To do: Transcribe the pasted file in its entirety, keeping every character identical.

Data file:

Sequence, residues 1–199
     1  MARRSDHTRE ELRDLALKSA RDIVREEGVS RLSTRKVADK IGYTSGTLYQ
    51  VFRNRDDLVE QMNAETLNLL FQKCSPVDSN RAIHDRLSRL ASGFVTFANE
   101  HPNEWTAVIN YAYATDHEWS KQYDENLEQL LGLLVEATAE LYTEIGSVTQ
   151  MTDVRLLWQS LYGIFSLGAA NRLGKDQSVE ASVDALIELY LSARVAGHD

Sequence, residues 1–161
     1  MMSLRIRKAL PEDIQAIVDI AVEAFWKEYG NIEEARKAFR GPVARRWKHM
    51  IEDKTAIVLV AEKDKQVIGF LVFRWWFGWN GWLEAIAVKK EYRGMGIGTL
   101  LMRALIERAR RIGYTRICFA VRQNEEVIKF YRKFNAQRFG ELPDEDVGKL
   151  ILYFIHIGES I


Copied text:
Sequence, residues 1–199
     1  MARRSDHTRE ELRDLALKSA RDIVREEGVS RLSTRKVADK IGYTSGTLYQ
    51  VFRNRDDLVE QMNAETLNLL FQKCSPVDSN RAIHDRLSRL ASGFVTFANE
   101  HPNEWTAVIN YAYATDHEWS KQYDENLEQL LGLLVEATAE LYTEIGSVTQ
   151  MTDVRLLWQS LYGIFSLGAA NRLGKDQSVE ASVDALIELY LSARVAGHD

Sequence, residues 1–161
     1  MMSLRIRKAL PEDIQAIVDI AVEAFWKEYG NIEEARKAFR GPVARRWKHM
    51  IEDKTAIVLV AEKDKQVIGF LVFRWWFGWN GWLEAIAVKK EYRGMGIGTL
   101  LMRALIERAR RIGYTRICFA VRQNEEVIKF YRKFNAQRFG ELPDEDVGKL
   151  ILYFIHIGES I